In November 1942, the Italian cyclist Fausto Coppi took "seven packets of amphetamine" to beat the world hour record on the track.  In 1960, the Danish rider Knud Enemark Jensen collapsed during the 100 km team time trial at the Olympic Games in Rome and died later in hospital. The autopsy showed he had taken amphetamine and another drug, Ronicol , which dilates the blood vessels. The chairman of the Dutch cycling federation, Piet van Dijk, said of Rome that "dope – whole cartloads – [were] used in such royal quantities."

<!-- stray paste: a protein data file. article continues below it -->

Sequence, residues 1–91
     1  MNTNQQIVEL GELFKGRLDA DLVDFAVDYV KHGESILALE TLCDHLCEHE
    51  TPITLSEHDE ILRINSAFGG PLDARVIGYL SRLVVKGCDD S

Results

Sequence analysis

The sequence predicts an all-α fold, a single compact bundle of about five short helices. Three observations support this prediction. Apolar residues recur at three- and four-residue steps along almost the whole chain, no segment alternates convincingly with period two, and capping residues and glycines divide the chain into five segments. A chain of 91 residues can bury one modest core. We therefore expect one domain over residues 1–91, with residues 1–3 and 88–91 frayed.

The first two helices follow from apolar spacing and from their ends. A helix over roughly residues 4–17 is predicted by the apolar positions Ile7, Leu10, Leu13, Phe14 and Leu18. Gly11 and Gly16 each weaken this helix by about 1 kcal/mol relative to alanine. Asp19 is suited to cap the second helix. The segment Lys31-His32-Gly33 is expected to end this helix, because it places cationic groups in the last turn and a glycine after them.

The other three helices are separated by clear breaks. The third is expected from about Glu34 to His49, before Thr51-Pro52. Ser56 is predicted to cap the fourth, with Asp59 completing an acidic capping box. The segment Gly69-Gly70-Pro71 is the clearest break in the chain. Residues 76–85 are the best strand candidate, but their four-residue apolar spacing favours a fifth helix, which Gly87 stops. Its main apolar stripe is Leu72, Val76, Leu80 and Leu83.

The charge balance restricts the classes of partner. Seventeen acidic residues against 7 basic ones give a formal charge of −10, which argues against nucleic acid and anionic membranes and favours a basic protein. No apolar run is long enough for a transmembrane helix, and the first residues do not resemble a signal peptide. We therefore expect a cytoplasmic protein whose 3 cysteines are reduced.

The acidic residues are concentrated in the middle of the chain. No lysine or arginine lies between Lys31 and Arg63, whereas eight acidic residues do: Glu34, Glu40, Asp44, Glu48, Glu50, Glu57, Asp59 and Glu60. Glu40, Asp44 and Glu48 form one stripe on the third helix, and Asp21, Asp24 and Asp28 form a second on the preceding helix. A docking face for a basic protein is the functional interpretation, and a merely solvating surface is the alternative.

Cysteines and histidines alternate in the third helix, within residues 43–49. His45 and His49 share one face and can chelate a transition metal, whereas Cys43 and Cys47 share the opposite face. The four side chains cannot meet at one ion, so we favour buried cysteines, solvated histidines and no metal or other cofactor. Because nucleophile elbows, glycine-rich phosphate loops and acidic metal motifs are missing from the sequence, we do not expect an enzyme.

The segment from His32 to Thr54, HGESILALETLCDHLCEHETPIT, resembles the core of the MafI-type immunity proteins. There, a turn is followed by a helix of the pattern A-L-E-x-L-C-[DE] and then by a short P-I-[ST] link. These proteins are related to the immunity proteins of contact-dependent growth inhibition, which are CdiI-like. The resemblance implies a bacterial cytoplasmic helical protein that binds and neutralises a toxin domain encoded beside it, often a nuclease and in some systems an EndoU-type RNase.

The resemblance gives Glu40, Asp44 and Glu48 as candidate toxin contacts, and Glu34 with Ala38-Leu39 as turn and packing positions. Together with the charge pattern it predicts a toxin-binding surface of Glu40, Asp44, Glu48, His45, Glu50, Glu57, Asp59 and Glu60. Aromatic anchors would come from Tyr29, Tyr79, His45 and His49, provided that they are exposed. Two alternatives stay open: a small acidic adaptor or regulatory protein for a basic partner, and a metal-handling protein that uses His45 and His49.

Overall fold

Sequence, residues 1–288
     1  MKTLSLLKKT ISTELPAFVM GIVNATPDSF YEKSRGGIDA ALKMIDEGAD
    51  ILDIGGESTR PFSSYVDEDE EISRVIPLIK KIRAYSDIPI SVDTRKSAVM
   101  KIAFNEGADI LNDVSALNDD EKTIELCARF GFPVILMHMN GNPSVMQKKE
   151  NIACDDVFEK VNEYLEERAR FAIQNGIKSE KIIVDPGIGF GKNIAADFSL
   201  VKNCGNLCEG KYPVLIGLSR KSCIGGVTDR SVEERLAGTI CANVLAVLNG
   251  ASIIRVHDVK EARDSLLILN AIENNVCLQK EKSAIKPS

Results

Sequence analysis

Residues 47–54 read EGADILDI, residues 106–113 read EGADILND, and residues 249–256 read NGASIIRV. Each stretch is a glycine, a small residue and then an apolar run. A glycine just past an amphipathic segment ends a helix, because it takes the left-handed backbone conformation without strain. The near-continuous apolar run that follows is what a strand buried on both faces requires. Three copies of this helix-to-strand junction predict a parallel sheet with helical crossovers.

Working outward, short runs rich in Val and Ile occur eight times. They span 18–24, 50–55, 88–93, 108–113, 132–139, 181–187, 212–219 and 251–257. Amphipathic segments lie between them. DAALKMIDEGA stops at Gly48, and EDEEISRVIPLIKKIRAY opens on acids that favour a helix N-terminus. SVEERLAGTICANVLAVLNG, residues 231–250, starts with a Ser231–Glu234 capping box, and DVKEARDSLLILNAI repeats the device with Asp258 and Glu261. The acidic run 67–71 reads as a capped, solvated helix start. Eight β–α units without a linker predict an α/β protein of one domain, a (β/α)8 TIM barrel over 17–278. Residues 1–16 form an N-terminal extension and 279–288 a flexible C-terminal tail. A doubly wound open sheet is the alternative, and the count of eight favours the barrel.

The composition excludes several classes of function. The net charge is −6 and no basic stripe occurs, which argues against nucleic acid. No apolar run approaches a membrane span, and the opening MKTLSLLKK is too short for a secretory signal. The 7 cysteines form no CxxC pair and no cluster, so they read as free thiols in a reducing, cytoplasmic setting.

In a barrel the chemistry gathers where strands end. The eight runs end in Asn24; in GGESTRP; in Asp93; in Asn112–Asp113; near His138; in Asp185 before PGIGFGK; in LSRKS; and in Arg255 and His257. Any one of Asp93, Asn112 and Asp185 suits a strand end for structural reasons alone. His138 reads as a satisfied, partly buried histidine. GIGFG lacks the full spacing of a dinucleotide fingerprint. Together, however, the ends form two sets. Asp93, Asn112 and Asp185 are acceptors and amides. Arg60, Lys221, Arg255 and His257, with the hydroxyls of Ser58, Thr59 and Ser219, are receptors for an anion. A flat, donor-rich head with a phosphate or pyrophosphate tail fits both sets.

In any case, there is nonetheless a good deal of evidence to indicate that modafinil is producing at least a portion of its wakefulness-promoting effects by acting as a DRI, or at least via activation of the dopaminergic system. In support of modafinil acting as a dopaminergic agent, its wakefulness-promoting effects are abolished in DAT knockout mice (although it is important to note that DAT knockout mice show D 1 and D 2 receptor and norepinephrine compensatory abnormalities, which might confound this finding), reduced by both D 1 and D 2 receptor antagonists (although conflicting reports exist),  and completely blocked by simultaneous inactivation of both D 1 and D 2 receptors.  In accordance, modafinil shows full stimulus generalization to other DAT inhibitors including cocaine, methylphenidate, and vanoxerine, and discrimination is blocked by administration of both ecopipam (SCH-39166), a D 1 receptor antagonist, and haloperidol , a D 2 receptor antagonist.  Partial substitution was seen with the DRA dextroamphetamine and the D 2 receptor agonist PNU-91356A , as well as with nicotine (which indirectly elevates dopamine levels through activation of nicotinic acetylcholine receptors ).